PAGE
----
Welcome to ‘The Music of Bob Wills’ as told by historian and writer David Stricklin. David heads the Butler Center for Arkansas Studies in Little Rock. He received his Ph.D. in U.S. history from Tulane University, where he studied with legendary country music authority Bill C. Malone. His father, Al Stricklin, played piano with Bob from 1935 to 1942, from time to time with him in the 1950s and ’60s, and with the Texas Playboys after Bob’s death in 1975 until Al’s death in 1986. This synopsis largely focuses on Bob’s earlier years and is an information piece prepared for the Bob Wills Swing School.

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The Post-War Sound

An increased prominence of guitars in the band makes Bob’s World War II and post-war music very interesting. It’s different from the pre-war, especially the pre-Eldon, music. For one thing, it was a smaller group, back to the size Bob worked with when he first went to Tulsa or even or a little smaller. Fiddles continued to play the dominant role, and Bob had some great fiddlers in this period, including the flashy left-handed fiddler Joe Holley, the very smooth Keith Coleman, and the remarkable Johnny Gimble. Like Shamblin, Gimble was thought of as a musician who made everybody else he played with play better. This was far from the “fiddle band” format Bob started out with, though, in large part because of the prominence of guitars. Eldon Shamblin deserves a lot of the credit for this change, but Bob also hired a remarkable string of other guitarists in the late war years and postwar period.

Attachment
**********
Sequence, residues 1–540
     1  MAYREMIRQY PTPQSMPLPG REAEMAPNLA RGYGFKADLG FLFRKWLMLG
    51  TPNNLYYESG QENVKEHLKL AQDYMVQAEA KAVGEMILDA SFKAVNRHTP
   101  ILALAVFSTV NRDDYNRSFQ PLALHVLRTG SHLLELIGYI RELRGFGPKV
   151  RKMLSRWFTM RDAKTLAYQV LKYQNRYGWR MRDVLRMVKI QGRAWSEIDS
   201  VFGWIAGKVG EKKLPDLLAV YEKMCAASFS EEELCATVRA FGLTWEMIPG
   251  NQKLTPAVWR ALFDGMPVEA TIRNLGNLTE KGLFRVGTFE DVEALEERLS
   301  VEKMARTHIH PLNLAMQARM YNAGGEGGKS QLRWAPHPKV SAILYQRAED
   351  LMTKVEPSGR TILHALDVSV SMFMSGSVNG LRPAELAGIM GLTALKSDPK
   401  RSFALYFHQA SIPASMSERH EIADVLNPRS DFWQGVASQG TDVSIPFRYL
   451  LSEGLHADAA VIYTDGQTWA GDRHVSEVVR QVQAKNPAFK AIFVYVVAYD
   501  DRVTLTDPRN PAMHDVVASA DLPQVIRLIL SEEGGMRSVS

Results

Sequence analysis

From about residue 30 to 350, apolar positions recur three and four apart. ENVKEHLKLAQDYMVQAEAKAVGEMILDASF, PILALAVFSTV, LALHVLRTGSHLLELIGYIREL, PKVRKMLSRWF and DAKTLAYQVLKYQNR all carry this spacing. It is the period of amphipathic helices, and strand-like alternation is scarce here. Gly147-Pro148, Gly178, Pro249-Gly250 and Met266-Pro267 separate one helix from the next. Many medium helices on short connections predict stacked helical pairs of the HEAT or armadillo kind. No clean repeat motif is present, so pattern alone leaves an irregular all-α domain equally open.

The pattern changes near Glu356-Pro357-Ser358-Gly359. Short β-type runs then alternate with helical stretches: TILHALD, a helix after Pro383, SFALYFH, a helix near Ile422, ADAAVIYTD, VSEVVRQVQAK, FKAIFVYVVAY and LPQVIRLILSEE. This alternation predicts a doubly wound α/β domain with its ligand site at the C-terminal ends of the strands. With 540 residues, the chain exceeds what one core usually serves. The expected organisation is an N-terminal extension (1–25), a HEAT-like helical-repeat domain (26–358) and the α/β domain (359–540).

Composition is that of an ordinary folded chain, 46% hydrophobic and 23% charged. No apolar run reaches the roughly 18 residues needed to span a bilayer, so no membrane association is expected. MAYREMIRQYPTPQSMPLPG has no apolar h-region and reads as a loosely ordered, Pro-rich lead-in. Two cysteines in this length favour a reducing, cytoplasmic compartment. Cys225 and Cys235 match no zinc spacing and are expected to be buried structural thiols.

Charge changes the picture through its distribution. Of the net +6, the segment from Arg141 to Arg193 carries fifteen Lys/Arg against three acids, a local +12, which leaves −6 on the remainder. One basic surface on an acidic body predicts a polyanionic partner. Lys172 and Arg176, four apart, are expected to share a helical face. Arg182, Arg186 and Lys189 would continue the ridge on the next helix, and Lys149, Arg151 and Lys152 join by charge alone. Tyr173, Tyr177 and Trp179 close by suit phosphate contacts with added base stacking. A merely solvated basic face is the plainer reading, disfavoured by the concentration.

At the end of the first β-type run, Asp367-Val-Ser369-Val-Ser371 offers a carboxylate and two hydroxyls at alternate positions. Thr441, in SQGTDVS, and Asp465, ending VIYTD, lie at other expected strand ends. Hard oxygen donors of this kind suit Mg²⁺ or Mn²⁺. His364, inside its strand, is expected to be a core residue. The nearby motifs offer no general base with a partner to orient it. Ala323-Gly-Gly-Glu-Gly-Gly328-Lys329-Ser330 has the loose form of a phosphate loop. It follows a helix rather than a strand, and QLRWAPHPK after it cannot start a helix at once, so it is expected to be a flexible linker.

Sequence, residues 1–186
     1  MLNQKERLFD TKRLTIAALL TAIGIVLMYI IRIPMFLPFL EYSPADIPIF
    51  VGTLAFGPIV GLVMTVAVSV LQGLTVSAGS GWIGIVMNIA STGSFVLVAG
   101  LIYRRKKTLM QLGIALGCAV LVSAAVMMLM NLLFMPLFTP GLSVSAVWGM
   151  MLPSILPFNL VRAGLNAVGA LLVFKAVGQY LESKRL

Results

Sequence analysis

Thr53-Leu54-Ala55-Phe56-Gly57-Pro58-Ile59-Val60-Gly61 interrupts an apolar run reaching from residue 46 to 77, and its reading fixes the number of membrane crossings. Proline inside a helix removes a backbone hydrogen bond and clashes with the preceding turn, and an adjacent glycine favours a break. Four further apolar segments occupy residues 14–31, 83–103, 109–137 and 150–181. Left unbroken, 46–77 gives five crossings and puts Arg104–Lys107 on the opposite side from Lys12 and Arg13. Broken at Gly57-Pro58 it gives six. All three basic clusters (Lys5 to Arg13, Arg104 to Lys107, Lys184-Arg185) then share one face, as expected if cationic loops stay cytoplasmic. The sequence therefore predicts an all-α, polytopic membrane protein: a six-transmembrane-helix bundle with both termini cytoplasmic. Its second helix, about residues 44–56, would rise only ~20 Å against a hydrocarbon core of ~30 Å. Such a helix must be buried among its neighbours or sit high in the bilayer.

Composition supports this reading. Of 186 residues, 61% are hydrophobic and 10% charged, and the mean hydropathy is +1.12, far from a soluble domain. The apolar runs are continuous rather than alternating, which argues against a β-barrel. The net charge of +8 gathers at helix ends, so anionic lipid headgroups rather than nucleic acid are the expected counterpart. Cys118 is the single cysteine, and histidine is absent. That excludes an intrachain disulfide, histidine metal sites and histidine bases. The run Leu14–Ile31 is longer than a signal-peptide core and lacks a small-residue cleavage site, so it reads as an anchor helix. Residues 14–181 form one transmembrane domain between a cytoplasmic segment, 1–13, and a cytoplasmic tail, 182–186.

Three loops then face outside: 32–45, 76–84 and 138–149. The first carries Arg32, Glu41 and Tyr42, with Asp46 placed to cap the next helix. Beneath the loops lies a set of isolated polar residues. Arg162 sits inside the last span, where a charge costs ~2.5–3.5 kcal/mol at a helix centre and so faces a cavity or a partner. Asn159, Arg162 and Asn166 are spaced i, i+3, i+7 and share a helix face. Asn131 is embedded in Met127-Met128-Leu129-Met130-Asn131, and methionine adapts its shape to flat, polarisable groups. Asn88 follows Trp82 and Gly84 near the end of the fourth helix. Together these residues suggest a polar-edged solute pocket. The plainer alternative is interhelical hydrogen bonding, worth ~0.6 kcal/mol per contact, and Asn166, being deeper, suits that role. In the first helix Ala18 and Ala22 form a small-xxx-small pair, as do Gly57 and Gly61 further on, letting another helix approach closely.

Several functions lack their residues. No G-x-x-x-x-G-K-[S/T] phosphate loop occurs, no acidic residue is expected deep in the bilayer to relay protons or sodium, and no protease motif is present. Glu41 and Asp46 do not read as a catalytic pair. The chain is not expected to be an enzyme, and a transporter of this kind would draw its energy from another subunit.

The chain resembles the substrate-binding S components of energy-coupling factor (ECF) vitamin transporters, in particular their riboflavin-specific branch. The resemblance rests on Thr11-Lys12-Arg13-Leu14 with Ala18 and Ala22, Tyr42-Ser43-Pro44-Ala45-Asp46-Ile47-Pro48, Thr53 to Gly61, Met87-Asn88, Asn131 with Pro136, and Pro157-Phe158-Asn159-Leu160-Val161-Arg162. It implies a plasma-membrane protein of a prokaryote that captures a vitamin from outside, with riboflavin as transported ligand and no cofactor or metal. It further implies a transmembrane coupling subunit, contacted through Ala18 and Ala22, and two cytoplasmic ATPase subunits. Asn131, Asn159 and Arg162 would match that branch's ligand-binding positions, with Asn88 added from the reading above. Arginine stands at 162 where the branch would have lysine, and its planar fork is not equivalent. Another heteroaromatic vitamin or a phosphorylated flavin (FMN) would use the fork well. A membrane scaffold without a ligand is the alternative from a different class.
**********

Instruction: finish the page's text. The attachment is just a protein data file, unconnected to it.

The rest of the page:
Before the war was over, he had Cameron Hill and Jimmy Wyble, whose work on “Roly Poly” from January 1945 is very exciting. He had the incomparable Lester Barnard Jr., whose “dirty, low-down” style seemed shocking to some of Bob’s fans but whose playing Bob liked a lot. He also had some very talented steel guitarists, Noel Boggs and Herb Remington, to name just two, whose solos and interplay with the “standard” guitarists added greatly to the power of those instruments and the drive they gave Bob’s music. But a quick listen to “Brain Cloudy Blues” from 1946 and Junior Barnard’s amazing guitar solo will convince anyone that Bob’s creativity, willingness to experiment, and determination to drive forward into a bright musical future were all undiminished.

“Brain Cloudy Blues” and other songs from the post-war period were recorded in California, which became Bob’s base of operations for a number of years. He played there, toured from there, and did shows in Las Vegas and elsewhere in the West. He took advantage of the post-war economic boom on the West Coast and the presence of countless fans who knew his music. Many of these people had gone west during the Great Depression or ended up there because of military service or defense work. A lot of them enjoyed going to Bob Wills dances in California, and many heard his music increasingly in stage shows in Las Vegas. He never abandoned dances but increasingly split his time between the dancehall and the concert stage.

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